It is this sin for the exclusion of which from the hearts of His redeemed and from the society into which He has formed them, our Lord chose to be born of a Virgin, and to give us His own most pure Mother to be the Patron and Queen of our homes and of our hearts. There is thus in the position of our Lady at the Flagellation at once an intensity of suffering, and a Divine fitness in that suffering, which are nowhere more conspicuous. And we learn from it both how to measure the love which could submit to so much for the expiation of our sins, and the immense power of help against such degradation which is stored up for us in the heart of Mary. If there were no other reason for exerting ourselves to the utmost to increase the honour of and devotion to our Blessed Lady among Christians, this would be enough and more than enough for spending lives in such exertions, that Providence has placed in that honour and that devotion so singular and powerful a remedy against an evil which spares nothing that is innocent, nothing that is naturally fair and beautiful, an evil that desolates homes, poisons friendships, degrades intellects, dissolves society, an evil which no civilization can shut out, no refinement or cultivation palliate, which arms man against his own peace, his own honour, his own dignity, which corrupts the whole world, and gives its greatest triumphs to Hell.

We may see from this that the incident of the Scourging of our Lord, which seems to have suggested itself to Pilate and to have been adopted without any great amount of deliberation, was not, in the Providential order of the Passion, anything accidental. It had been dwelt on especially in the later predictions of our Lord to the Apostles, though not when He had just warned them of the approach of the Passion. 2 In truth, it seems to have been a Roman punishment, far more severe than what was inflicted by the Jews, and was a preparation for Crucifixion. The Jewish rulers had set their hearts upon bringing about our Lord's death by the way of the Cross, probably on account of its great infamy, which would make His name hateful and despicable, and perhaps their anticipations, on this score, included also the Scourging. And God was working out in this way, by means of their malignity and of the heedless cowardice of Pilate, who almost thought he was doing our Lord a service by means of which His life might be spared, the decrees of His own justice for the expiation of the most prevalent and most degrading of sins. Nor was the presence of our Blessed Lady at the Flagellation without its Divine purpose. It is natural to ask whether any thing of the same kind may be said with regard to the torment which followed immediately on the Scourging, that is, the mocking and crowning with thorns. Those who see in each one of these particular sufferings of our Lord the chastisement of some one class of corresponding sins in men, find in this part of our Lord's humiliation the expiation of sins of pride and vanity and ambition, the aspiring to royal honour, worldly dominion and rule. In this way the humblest of all the saints—for humility was the special virtue of our Lady, as of her Son—was allowed to witness the insults and outrages vented on our Lord on this account. But there is yet another aspect of this part of the Passion, on which it may be worth while to dwell for a few moments.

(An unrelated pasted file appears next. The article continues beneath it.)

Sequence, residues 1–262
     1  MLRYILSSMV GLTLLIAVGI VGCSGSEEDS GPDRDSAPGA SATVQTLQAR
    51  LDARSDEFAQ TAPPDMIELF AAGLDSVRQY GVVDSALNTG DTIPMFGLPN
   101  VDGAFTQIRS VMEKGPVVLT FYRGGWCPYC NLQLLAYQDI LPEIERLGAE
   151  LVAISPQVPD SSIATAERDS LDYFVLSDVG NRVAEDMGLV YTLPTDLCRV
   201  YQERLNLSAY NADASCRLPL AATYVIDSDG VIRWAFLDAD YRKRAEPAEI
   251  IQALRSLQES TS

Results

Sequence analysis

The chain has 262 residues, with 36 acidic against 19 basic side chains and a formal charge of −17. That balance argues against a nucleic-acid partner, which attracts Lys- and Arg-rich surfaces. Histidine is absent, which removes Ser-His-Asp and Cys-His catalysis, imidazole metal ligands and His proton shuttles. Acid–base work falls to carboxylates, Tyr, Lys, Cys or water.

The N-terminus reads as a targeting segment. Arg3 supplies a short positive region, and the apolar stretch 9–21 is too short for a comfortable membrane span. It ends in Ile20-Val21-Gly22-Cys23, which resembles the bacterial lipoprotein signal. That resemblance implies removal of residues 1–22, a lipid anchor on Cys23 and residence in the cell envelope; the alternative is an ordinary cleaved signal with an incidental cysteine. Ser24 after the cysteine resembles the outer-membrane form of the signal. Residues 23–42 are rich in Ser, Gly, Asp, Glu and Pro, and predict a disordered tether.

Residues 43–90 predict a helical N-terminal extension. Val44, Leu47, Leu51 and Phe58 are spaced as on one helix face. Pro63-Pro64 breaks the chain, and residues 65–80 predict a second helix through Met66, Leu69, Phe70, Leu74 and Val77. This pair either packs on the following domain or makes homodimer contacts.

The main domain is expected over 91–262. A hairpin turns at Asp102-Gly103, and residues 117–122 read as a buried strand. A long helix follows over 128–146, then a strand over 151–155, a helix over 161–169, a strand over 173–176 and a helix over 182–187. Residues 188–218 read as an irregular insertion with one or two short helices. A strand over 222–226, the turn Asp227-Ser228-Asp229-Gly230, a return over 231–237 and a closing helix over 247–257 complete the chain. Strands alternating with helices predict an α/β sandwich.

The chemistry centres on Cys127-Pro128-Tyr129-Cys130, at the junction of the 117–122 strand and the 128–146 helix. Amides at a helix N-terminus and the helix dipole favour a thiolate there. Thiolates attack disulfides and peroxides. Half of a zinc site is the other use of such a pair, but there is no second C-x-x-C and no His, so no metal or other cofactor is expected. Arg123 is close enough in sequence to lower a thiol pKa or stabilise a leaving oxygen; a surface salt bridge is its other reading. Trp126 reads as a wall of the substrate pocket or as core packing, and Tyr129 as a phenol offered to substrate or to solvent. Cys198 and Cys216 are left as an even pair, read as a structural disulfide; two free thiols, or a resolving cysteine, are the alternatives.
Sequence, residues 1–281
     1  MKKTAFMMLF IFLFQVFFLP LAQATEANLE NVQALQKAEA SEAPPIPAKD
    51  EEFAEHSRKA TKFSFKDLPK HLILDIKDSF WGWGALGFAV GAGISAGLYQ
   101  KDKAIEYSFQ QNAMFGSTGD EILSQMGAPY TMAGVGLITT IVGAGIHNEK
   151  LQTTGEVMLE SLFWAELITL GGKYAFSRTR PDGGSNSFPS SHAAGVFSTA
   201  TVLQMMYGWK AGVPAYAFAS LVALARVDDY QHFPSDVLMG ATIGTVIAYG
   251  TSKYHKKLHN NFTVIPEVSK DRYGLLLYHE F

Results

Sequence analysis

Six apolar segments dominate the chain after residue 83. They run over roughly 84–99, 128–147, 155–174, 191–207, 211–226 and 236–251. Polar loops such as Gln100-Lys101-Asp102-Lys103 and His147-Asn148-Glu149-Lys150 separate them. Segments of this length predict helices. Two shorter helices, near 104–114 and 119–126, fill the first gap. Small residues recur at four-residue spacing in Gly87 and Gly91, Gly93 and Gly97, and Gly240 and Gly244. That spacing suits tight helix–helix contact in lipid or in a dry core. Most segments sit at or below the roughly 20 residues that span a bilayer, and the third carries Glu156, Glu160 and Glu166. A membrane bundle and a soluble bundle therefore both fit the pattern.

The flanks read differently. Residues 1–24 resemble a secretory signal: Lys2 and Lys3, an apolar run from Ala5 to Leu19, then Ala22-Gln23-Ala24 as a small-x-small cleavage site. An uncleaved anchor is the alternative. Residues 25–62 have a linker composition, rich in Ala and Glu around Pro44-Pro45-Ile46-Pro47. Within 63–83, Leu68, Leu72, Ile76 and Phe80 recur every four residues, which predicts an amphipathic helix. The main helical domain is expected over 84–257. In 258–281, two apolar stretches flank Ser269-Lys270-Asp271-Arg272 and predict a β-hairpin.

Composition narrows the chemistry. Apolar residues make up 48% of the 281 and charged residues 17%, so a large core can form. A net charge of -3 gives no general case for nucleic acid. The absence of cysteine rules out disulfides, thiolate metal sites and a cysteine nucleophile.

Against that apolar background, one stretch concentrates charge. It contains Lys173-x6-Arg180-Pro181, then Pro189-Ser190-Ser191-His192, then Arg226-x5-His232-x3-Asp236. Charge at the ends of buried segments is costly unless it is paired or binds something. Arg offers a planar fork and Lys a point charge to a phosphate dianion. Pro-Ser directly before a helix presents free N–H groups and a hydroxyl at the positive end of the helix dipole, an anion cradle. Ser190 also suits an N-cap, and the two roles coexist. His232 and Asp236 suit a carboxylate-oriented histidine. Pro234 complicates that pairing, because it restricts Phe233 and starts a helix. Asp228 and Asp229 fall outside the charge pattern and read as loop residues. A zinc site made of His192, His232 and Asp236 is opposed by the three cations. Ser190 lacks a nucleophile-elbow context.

It has already been noticed that, all through the Passion, there is a constant recurrence of incidents which point to the truth of our Lord's kingly dignity. It was for being a King that He was really condemned by Pilate, out of fear of the Roman Emperor, and the Governor bore witness to this truth in the title which he wrote for the Cross. Our Lord would never deny to Pilate that He was King, as to the Chief Priests He would not deny that He was God. It would appear that it were as the decree of Providence that He should suffer something especially on this account, as in His Scourging He had suffered most severely on account of the doctrine and example of purity which He had preached and set, and which was so hateful to the world at large. The purple robe, the crown of thorns, the reed placed in His hands for a sceptre, and all the mockery and all the insults to which He was now exposed, may be looked on as the manifestations of the fury of the world against this doctrine of the royalty of Christ and of the Church, a doctrine in which the salvation of society as such is wrapped up, as much as all personal holiness and sanctity are enfolded in the doctrine of purity. The Scourging was the rage of sensual human nature, stirred up by Satan, against the purity of our Lord and of His children, and per mitted by God as the expiation of the immense evils of sensuality. The Crowning with Thorns, with all its accompanying horrors, is the savage anger of the spirit of the world let loose upon the royalty of Jesus Christ, allowed for the expiation of the sins of ambition and worldliness which have made the social and political condition of mankind so entirely different from what they might have been if His sceptre had been accepted instead of rejected. Mary is Queen where He is King. She is the Help of Christians, the Defence of Christendom, the Guardian of the Holy See, the protector of the supernatural order of society, and because she was to be these, she was in her right place in witnessing, as far as she did witness, these outrages in the Praetorium of Pilate.